So anyway…Shelby is yet another suspect, especially when it comes to light that Laura was planning to go to the country to think their relationship over.  Apparently it’s cool for both Lydecker and Shelby to join Mark as he investigates Laura’s apartment, though.  Because if detective work has a motto, it’s “The more, the merrier.”

So it’s clear that everyone is a suspect, right?  Hold on because we’re about to get some backstory.  According to Lydecker, he celebrated Laura’s 22nd birthday with her, but had met her 5 years earlier?!?!  Which means she was SEVENTEEN.  PLEASE let that be incorrect.  That’s way too young to have an allegedly platonic relationship with a MUCH older newspaper columnist.  Let’s just ignore that math, ok?

As it turns out, Laura, novice in business and social finesse, approached Lydecker in an effort to gain his endorsement for her company’s pen advertisement.  Lydecker initially behaved like an insensitive ass, but changed his mind because of Laura’s natural charm, sincerity, and, I mean, probably at least a bit because she was super young.

Lydecker does this whole My Fair Lady thing in which he introduces her to all of the important society people, tells her how to wear her hair, and what clothes to choose.  It veers into creepy territory pretty quickly, but Laura is not at all interested in a romantic relationship with Lydecker.

Since he’s a reasonably creepy dude, Lydecker takes the totally reasonable approach along the lines of “If I can’t have her, no one will,” and proceeds to sabotage all of her relationships.

A woman wearing a striped suit stands behind a seated man.
That striped power suit:  number one reason the ’40s should make a comeback.

Back to the present:  Mark has sort of moved into Laura’s apartment given the amount of time he’s spent there trying to crack the case.  As Lydecker points out, A LOT of this time has been eaten up staring at the portrait of Laura painted by one of her former lovers.  Lydecker tells Mark to get a life or he’ll end up in a psych ward as the first man in love with a corpse.  Pretty sure he wouldn’t be the first, but ok…we get it, Lydecker.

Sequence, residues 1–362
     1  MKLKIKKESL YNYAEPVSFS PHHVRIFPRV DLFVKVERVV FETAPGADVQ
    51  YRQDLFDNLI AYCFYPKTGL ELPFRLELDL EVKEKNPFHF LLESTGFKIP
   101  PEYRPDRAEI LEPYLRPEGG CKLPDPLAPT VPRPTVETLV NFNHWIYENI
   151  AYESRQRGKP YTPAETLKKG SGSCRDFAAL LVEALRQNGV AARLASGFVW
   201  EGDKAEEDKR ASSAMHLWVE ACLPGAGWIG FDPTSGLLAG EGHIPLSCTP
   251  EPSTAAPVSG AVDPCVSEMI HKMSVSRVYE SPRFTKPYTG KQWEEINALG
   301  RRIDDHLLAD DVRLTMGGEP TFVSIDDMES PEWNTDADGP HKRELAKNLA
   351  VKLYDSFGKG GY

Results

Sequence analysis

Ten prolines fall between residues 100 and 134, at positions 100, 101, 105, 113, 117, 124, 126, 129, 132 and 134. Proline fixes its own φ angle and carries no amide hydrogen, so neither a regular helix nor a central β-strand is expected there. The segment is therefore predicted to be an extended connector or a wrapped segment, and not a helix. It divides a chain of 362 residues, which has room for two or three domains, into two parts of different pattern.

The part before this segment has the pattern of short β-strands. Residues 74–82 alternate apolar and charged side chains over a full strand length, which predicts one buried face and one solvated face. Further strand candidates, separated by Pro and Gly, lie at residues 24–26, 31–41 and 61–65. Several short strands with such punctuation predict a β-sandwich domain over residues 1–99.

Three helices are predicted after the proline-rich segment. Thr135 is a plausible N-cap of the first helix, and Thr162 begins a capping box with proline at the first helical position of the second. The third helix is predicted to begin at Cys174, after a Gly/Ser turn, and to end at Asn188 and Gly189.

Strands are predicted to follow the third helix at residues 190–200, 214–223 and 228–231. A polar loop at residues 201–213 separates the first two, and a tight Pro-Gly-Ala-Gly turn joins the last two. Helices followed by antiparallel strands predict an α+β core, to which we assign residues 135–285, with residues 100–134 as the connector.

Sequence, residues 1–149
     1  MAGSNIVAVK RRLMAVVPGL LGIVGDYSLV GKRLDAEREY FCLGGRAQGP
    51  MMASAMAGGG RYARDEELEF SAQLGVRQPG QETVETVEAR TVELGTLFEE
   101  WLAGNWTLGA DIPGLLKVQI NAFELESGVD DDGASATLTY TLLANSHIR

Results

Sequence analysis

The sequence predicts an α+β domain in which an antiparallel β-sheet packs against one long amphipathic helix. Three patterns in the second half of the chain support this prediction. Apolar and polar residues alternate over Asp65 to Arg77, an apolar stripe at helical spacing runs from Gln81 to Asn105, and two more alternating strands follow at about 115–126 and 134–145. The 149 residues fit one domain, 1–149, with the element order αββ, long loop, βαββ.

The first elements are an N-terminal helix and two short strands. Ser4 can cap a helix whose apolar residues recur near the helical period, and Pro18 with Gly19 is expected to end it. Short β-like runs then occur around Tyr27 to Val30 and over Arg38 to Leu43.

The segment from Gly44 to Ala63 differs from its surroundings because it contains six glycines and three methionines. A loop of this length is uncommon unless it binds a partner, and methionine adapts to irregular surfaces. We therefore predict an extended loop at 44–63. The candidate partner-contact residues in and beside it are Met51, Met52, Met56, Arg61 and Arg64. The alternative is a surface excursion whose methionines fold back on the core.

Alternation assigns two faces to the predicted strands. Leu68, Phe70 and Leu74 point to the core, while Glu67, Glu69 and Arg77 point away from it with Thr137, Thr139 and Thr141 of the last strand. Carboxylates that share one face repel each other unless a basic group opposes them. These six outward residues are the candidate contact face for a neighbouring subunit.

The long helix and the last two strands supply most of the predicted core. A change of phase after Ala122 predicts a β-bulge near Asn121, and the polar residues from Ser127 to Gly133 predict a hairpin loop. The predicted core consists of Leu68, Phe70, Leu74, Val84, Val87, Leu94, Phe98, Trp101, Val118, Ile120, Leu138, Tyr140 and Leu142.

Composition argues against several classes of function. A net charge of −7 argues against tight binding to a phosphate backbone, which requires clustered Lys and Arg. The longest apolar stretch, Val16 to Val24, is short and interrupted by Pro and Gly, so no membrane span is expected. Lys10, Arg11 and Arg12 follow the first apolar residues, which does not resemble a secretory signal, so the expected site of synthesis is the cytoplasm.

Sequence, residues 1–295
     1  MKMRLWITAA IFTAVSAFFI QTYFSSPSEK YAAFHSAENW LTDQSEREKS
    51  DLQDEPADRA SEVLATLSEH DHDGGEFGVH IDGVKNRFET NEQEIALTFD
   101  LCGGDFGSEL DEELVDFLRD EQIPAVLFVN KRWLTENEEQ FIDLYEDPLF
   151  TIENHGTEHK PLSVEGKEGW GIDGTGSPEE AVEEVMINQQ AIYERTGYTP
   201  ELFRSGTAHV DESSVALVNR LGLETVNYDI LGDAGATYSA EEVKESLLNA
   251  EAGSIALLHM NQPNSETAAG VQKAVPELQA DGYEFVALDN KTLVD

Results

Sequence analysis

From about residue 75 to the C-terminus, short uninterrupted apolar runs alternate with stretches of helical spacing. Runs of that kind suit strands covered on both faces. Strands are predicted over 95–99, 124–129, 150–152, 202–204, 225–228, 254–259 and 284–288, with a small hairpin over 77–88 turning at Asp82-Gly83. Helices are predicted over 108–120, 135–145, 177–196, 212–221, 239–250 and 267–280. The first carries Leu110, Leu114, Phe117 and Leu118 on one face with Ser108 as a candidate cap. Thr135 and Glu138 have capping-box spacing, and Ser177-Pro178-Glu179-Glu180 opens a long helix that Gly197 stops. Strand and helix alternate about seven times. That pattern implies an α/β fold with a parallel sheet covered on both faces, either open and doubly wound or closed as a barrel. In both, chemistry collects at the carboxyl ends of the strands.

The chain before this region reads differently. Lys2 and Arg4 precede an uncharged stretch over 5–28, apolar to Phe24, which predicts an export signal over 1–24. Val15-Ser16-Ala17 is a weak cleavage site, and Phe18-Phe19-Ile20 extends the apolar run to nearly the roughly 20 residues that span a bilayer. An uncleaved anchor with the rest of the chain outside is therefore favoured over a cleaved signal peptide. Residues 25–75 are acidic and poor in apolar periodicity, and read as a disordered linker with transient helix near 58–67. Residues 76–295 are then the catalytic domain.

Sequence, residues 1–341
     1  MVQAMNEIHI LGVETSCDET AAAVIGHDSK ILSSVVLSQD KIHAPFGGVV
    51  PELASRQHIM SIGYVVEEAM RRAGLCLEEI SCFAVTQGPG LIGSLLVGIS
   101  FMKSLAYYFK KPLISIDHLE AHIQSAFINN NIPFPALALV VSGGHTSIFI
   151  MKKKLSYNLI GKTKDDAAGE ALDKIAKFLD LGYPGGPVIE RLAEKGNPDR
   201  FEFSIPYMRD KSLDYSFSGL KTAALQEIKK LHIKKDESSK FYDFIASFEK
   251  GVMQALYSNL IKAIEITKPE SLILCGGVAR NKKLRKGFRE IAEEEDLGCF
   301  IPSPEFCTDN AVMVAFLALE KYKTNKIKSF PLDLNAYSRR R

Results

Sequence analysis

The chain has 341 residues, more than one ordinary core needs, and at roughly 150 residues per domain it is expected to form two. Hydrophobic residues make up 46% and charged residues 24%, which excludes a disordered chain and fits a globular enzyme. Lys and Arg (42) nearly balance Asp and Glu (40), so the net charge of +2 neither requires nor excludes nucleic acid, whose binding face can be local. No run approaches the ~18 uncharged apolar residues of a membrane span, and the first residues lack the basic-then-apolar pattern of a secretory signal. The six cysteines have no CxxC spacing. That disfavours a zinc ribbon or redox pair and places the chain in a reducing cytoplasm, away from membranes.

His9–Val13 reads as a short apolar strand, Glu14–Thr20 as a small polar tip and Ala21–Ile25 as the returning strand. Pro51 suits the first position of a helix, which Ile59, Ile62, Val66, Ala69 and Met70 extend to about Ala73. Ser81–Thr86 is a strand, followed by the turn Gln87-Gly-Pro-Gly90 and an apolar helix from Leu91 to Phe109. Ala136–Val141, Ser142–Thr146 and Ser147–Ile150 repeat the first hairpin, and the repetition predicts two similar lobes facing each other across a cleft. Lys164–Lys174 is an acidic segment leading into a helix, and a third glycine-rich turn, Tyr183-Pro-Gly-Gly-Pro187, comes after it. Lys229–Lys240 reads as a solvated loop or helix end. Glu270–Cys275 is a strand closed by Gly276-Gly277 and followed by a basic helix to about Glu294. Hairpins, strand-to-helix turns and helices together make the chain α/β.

This is all leading up to an EXTREMELY DRAMATIC PLOT TWIST THAT CHANGES EVERYTHING.  I would really hate to ruin the fun of this film, so just watch it, ok?

Also you’ll get to see propaganda for war bonds at the very end, which I consider pretty exciting.

The Rating:

5/5 Pink Panther Heads

I think the only film noir I like better is Out of the Past.

I find the commentary on how incredibly twisted people’s ideas about what love is to be absolutely perfect.  Almost all of the characters have foggy motives, and the mystery will keep you guessing.  Unless you’re really fucking good at Clue.  The real power of this film, however, is the story of Laura’s search for independence and assertiveness.  Not that I’d know anything about that.

See if Christa agrees in her review here!  She might even get out of the tub before you visit, but no promises.

Collaborative Blogging, Film Reviews

The Man Who Never Was, or: Operation Mincemeat Is a Terrible Codename

The next few weeks on the blog are basically anything goes as we Blog Free or Die Hard. Freedom, carpe diem, etc. This week I picked a WWII thriller because I didn’t think I could handle two Polanski films in a row. I do really love Chinatown, though.  Our film for the week is the nonsensically titled The Man Who Never Was.

As usual, find Christa’s review here!

The Film:

The Man Who Never Was